Column: US Corn Conditions a Bit Worse Than Normal Ahead of Another Dry Week

Jun 01, 2023

 By Karen Braun

U.S. corn is in decent shape early in the growing season, but initial health conditions suggest the crop still must prove itself, especially given the dry forecast ahead.

The U.S. Department of Agriculture’s statistics agency on Tuesday placed 69% of U.S. corn in good-to-excellent (GE) condition as of Sunday, the first corn ratings of the season and below market expectations for 71%.

That is the lowest initial corn rating since 59% GE in 2019 and below the five-year average of 71%. The timing of initial corn conditions depends on emergence and has spanned May 24 to June 9 in the latest five years.

Since crop conditions began in 1986, all but one of the strong U.S. corn yields coincided with initial ratings above 70% GE. The exception is 2017, when the initial 65% did not foretell the eventual record result, and ratings never got materially better as the summer progressed.

Higher crop ratings have not always led to success. Recent dry conditions have sparked comparisons with the 2012 drought year, and although corn started at 77% GE that year, extreme heat and dryness cut yields by a quarter.

Corn was still 63% GE by mid-June 2012, but that turned into 31% one month later. The highest-ever initial corn rating of 81% in 1991 preceded a very poor crop as the critical months of July and August were much too dry.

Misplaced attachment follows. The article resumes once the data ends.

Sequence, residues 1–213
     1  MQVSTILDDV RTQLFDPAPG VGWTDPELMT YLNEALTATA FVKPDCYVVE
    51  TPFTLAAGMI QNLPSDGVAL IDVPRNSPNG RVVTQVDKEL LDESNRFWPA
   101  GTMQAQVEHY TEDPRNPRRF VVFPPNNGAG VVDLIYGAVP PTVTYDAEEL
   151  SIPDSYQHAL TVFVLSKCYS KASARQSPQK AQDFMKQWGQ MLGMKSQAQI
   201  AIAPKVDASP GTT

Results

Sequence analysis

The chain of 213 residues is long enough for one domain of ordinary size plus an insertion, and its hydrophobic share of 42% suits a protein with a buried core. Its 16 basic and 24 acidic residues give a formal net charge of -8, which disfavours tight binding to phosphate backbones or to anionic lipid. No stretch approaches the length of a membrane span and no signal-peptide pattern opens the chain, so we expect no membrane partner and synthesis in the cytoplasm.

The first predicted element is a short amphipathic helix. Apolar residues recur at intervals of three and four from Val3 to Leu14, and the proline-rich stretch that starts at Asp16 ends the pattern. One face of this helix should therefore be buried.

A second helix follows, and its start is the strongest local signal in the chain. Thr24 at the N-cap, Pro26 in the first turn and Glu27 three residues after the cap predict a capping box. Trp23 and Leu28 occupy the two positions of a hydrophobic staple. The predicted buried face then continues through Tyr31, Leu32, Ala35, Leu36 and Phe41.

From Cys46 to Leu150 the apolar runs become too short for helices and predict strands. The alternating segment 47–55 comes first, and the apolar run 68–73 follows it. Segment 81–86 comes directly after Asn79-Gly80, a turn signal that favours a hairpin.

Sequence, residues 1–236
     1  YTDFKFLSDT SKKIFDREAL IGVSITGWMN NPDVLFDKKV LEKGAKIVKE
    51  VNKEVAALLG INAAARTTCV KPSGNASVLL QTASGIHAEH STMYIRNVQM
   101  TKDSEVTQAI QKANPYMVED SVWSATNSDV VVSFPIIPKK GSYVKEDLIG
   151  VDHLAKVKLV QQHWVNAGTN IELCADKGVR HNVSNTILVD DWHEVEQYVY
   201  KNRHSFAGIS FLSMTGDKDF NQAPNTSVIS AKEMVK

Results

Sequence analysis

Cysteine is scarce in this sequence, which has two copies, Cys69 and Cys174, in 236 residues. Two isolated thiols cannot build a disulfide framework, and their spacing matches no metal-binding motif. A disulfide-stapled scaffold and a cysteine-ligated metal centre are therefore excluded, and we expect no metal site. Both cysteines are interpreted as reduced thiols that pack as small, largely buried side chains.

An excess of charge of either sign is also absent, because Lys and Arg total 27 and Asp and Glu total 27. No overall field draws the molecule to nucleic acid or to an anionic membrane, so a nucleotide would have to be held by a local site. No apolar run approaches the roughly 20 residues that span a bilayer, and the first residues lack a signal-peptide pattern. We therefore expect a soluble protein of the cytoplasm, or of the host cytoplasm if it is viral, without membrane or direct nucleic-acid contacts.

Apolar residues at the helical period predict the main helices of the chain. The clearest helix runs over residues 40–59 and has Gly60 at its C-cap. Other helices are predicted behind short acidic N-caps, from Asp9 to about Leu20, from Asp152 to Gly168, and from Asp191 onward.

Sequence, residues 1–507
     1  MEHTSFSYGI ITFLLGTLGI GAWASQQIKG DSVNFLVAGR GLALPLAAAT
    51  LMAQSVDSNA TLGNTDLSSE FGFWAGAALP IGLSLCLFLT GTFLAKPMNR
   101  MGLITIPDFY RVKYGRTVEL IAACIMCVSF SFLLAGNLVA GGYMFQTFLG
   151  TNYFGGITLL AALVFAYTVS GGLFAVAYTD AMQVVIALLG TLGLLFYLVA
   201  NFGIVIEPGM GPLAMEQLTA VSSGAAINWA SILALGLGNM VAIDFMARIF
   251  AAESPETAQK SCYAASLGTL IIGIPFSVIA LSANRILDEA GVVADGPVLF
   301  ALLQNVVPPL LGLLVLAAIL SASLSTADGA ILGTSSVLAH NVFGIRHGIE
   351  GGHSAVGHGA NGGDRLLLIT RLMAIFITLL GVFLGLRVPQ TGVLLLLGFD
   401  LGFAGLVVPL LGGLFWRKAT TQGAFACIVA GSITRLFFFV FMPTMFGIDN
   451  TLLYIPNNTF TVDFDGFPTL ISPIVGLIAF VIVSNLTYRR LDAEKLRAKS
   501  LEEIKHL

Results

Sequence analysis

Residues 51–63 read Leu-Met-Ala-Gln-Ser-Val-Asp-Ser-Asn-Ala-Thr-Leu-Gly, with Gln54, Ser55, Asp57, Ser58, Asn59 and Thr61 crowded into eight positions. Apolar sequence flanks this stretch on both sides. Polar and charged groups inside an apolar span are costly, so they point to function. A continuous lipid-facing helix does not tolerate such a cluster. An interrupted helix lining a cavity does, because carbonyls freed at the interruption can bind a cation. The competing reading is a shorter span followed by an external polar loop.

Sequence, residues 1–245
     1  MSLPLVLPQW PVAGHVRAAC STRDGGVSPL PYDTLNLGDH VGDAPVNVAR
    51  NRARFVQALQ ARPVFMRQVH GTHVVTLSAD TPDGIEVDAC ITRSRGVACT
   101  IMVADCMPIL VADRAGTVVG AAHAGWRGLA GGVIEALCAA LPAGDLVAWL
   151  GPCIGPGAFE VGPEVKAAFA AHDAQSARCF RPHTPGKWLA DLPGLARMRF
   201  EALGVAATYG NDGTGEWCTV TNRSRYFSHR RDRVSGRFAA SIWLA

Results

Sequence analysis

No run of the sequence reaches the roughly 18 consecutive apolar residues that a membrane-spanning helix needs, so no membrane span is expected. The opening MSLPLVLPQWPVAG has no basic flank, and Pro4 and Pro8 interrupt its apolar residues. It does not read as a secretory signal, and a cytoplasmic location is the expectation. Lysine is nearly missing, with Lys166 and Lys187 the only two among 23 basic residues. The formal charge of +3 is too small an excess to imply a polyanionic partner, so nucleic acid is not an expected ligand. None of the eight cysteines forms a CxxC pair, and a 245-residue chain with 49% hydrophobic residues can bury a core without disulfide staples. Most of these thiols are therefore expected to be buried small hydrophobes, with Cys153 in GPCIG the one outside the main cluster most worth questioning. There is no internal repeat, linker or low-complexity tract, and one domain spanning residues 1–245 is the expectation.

Drought in the western Corn Belt clipped yields last year despite the start at 73% GE, and 2021’s record yield began with a score of 76%. This year’s conditions may decline next week given the warm and dry weather expected for this week, but a possible pattern shift in mid-June could bring some game-changing relief.

As of Sunday, corn in Iowa was 77% GE, Illinois 69%, Indiana 72% and Nebraska 62%. Those are all below the initial 2022 scores, which were issued one week later than this year. Nebraska and Illinois are 13 and 12 percentage points below last year’s initial numbers, respectively.

However, Minnesota at 80% GE is 20 points ahead of last year and Ohio’s 81% is up 11 points.

U.S. corn was 72% emerged as of Sunday, ahead of the date’s five-year average of 63%. Individually, emergence is ahead of the recent average in all major states but North Dakota at 19%, behind the 27% average but ahead of the year-ago 6%.

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